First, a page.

Max Amps is one of the most important criteria when selecting a motor controller. Different vendors use different approaches when rating their products making comparison difficult. Here is how you can sort things out.
Whether you are shopping for a motor control IC, or a complete motor control system, Amps is typically the most important selection parameter. Marketers at Chip and Systems companies know it and this is why they usually publish the highest number they can get away with. This results in the bizarre situation where tiny motor controllers - as those sold to RC hobbyist - are sometimes rated 100+ Amps, while professional products need to be physically considerable larger for the same rating.
Sorting through these apparent contradictions is not easy because when it comes to Amps rating, the actual story is rather complicated and so can be spun by a good marketer in many ways to reach any suitable conclusion. Here is the full story:
Forget Amps. It's all about heat
Amps only matter because, as current flows in a resistive path, power is dissipated in the resistor and that generates heat. How much power is easy to calculate using the Ohm’s law and the power equation:
U = R * I
P = U * I
therefore P = I2 * R
Using this equation, we see that 1A flowing in a 1Ohm resistor will cause the resistor to dissipate 1W. Another important observation is that the power rises to the square of the current. So 10 times higher current results in 100 times the power dissipation. In this case, our 1Ohm resistor will dissipate 100W. Most soldering irons require a lot less power than that to quickly reach hundreds of degrees. 100A in a 1Ohm resistor would result in a staggering 10,000W.
Reducing the resistance is the only way to reduce the power: at 0.01 Ohm, the power dissipation becomes 100 times lower, so our 10A now only create 1W of heat which is a lot more manageable.
In a motor controller, the highest resistance path is inside the transistor switches. Additional resistance is in the PCB traces, Amps sensing resistor (if one is present) and wiring, but these only begin to matter above around 50A. In low voltage controllers up to about 200V, the switches are made of MOSFET transistors. These transistors have three leads named Drain, Source and Gate.
When no voltage is applied to the Gate, the MOSFET is Off and its resistance between the Drain and the Source is as high as this of an insulator. With a voltage on the Gate, the MOSFET is On and the resistance between the Drain and the Source drops to a few milliohms. The On resistance is a primary parameter on MOSFET and is referred as RDSon (for Resistance between Drain and Source when On) in all silicon datasheets.
Back to our motor controller, we see that we need 4 of these MOSFET switches in order to permit our motor to move in either the forward and reverse direction. So the current will always flow through two transistors and the power dissipation (excluding PCB and wiring) becomes
P = I * I * 2 * RDSon
We could stop here
While we still do not know how many Watts are too much, comparing motor controller systems or chips on the basis of the resistivity of their output stage provides a first objective comparison. This resistance value is published on all motor driver chips, so this comparison is possible when shopping for IC's.
When it comes to motor controller systems, this value is seldom published, although it will be found in all Roboteq product datasheets. Alternatively, some vendors of high current motor controllers will publish the voltage drop of their products at a given Amps levels, for example 0.5V at 100A, and using the Ohm’s law, the On resistance can easily be computed (0.5V/100A = 0.005 Ohm in this example). Manufacturers who do not publish this value, know it nevertheless and you can simply ask for it.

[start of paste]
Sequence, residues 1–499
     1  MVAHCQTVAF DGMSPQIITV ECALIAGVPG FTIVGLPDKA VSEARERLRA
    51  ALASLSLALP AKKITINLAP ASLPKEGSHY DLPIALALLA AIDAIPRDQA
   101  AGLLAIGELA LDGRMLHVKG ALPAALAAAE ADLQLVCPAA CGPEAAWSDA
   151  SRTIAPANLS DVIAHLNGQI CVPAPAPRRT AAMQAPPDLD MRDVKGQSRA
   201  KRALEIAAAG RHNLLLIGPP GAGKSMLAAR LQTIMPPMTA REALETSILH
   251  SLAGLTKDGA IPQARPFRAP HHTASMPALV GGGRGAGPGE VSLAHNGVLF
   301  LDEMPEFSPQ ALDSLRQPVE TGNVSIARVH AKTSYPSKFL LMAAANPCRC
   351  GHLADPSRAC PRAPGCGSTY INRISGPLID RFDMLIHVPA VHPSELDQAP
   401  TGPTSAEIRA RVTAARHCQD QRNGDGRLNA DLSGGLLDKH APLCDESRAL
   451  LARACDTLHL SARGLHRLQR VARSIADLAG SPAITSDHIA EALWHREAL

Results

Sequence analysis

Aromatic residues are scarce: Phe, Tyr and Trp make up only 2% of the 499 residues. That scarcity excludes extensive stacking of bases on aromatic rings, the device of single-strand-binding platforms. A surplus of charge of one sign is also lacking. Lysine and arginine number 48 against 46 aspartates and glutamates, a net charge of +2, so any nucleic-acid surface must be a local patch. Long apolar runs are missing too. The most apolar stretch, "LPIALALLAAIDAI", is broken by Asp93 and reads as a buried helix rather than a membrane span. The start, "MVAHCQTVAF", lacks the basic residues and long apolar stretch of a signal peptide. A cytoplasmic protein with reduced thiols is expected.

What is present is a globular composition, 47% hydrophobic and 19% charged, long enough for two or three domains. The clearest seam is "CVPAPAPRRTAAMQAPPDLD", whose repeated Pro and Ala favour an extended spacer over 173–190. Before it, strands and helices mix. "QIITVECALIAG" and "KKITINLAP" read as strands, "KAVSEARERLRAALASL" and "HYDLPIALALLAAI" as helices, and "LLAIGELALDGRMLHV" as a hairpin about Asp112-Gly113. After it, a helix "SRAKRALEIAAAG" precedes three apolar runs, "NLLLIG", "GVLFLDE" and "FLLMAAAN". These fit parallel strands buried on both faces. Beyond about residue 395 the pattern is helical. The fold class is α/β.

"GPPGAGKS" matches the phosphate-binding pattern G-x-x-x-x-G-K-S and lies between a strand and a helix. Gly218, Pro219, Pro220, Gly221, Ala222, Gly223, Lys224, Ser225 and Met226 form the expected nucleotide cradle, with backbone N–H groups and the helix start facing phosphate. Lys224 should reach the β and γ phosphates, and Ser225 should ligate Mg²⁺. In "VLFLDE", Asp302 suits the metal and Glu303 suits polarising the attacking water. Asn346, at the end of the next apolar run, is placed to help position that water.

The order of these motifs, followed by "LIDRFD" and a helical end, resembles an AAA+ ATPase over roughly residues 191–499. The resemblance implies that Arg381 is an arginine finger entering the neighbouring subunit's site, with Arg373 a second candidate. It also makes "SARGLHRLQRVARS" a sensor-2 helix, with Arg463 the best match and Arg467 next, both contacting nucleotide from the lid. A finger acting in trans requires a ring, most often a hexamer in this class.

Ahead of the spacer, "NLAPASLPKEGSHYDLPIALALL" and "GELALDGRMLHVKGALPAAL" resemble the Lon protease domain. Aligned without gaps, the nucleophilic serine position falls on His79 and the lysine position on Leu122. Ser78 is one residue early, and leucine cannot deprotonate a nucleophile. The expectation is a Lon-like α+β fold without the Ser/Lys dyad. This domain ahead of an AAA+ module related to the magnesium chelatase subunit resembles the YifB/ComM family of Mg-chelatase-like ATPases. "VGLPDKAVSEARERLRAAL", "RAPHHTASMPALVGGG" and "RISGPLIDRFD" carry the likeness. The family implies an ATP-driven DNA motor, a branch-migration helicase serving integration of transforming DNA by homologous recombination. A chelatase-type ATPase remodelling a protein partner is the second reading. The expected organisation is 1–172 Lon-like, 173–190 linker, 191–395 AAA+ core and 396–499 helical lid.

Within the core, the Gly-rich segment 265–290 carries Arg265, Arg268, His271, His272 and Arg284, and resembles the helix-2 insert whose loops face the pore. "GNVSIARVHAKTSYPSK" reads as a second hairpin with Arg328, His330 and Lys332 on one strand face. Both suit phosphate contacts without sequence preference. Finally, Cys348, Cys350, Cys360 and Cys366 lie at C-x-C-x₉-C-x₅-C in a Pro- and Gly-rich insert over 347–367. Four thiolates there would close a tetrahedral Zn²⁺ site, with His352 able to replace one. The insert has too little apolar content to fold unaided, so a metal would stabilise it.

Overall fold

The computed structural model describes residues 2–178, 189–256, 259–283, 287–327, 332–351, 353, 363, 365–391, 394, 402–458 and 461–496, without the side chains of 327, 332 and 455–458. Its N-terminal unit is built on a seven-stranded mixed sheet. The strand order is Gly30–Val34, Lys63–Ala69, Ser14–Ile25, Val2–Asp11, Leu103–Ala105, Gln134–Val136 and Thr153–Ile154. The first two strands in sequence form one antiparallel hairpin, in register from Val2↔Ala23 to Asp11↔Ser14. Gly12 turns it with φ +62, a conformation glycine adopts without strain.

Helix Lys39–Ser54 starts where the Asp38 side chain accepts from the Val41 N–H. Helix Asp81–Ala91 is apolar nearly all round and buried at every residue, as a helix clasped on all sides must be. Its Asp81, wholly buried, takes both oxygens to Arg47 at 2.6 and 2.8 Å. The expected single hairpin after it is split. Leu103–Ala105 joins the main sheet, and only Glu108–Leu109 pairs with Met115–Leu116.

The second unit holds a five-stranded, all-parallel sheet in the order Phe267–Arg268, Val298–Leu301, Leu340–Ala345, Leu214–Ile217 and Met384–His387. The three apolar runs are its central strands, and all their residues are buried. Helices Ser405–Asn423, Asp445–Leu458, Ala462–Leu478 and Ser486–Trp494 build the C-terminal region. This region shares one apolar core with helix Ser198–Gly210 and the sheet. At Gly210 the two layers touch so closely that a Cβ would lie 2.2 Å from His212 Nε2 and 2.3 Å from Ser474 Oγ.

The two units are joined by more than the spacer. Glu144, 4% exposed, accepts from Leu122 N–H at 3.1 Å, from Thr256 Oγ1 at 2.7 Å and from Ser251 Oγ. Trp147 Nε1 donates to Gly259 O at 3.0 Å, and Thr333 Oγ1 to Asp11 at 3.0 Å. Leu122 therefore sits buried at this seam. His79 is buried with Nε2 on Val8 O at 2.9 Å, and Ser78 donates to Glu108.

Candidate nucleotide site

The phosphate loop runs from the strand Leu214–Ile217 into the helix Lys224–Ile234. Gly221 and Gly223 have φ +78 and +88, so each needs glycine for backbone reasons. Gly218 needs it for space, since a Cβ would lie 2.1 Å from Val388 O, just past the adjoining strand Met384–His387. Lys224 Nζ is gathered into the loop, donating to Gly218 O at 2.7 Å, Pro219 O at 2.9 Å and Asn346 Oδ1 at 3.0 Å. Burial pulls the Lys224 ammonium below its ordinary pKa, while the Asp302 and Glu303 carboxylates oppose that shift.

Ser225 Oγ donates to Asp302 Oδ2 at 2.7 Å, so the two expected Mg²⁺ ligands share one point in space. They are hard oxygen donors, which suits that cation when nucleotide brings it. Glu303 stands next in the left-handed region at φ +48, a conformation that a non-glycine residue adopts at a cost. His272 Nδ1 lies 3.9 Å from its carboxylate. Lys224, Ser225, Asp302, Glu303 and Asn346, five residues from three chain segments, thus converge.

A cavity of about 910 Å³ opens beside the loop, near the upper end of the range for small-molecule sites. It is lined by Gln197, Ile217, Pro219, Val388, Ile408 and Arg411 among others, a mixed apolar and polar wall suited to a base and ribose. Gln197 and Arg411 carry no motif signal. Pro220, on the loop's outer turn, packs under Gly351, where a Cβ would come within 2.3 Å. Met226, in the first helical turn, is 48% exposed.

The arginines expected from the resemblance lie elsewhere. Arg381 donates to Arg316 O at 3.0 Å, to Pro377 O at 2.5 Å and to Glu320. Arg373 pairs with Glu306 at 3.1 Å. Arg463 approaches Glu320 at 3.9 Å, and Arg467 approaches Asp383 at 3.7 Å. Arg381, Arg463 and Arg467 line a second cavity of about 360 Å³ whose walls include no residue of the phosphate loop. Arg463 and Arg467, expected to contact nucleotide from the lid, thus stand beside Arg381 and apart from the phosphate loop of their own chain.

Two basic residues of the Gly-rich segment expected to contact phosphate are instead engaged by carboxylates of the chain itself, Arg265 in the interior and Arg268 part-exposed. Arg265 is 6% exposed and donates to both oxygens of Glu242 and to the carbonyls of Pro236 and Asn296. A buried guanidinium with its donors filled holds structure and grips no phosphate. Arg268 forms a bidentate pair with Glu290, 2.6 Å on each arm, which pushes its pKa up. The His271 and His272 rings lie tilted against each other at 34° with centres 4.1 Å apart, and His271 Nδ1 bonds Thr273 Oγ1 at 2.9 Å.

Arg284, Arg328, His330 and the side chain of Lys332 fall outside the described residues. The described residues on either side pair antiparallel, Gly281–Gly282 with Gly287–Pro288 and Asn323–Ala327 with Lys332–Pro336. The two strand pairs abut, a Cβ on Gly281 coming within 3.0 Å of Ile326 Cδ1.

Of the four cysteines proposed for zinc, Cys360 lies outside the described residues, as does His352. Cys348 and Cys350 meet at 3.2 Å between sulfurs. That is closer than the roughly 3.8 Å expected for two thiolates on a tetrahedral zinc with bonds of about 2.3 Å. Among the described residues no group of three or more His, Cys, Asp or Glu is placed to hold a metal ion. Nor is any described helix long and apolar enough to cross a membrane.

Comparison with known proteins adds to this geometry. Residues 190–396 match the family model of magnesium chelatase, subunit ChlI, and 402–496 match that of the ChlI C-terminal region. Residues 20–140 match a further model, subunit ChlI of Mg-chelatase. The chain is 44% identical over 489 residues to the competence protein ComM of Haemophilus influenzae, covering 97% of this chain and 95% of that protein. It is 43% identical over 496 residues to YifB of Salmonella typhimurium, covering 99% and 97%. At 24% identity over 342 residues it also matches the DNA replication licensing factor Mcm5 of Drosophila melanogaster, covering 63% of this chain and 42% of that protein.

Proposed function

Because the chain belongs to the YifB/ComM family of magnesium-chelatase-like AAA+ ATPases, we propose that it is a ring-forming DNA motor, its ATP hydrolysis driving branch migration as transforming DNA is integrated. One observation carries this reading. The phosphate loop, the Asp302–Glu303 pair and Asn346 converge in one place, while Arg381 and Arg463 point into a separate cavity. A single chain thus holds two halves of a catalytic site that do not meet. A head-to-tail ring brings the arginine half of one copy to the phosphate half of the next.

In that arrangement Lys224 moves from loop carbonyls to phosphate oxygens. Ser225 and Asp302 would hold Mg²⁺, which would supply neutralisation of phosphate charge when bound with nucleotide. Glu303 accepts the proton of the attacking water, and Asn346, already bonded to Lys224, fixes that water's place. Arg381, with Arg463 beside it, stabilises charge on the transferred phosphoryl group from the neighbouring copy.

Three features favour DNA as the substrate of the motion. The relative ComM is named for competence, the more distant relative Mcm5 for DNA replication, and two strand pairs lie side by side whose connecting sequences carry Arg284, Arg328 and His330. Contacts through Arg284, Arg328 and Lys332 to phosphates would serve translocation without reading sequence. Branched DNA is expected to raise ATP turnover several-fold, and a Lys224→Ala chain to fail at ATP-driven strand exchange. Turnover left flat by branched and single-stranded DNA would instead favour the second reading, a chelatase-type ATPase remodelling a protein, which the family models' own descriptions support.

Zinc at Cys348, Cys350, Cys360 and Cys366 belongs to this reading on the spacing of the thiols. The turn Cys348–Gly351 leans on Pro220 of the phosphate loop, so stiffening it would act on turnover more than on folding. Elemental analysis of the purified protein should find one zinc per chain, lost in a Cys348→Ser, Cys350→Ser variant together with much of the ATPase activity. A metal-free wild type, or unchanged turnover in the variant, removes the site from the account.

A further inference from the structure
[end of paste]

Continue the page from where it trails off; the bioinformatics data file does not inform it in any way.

OK, but what about heat?
We saw that computing power in Watts was simple and straightforward. Knowing the On resistance of our various models, we can now easily compare how much power one model will dissipate in heat vs. another at the same current level. A lower power product will run more efficiently, but we still can't yet tell how hot it will get and at how many Amps it will start overheating.
How hot a controller gets depends on how much heat is generated at the transistor and how fast it is evacuated. In other words, in addition to the On resistance discussed above, what cooling technique is used and how efficient the heat transfer.
The drawing below shows the heat path between the silicon chip (where the heat is generated) and the air where it is dissipated. The main elements are the transistor package, the heat transfer pad, and the heatsink.
The same construction can be represented by the equivalent thermal circuit below:
And the bottom line is
There are many ways a vendor can remain truthful and publish numbers that will not always stand real life use. Unless the ambient conditions are clearly described in the product specification sheet, prefer the On resistance, or the Voltage drop to any Amps number. If these numbers are not published, ask the vendor for them. Use this value to compute the amount of power that is generated by the controller. We've seen how to then verify that the controller has adequate heat sinking, but a good general idea can be reached from the table below:
Power Typical heat sinking required
1W No heat sink required
5W Small heat sink
10W Medium heat sink
50W Large heat sink and airflow
100W Large heat sink and forced airflow
500W+ Liquid cooling
To be safe, use controllers that are rated at least twice your expected typical continuous consumption. And remember that where and how the controller will be mounted in your application, and therefore how well the heat will be dissipated, will make a big difference.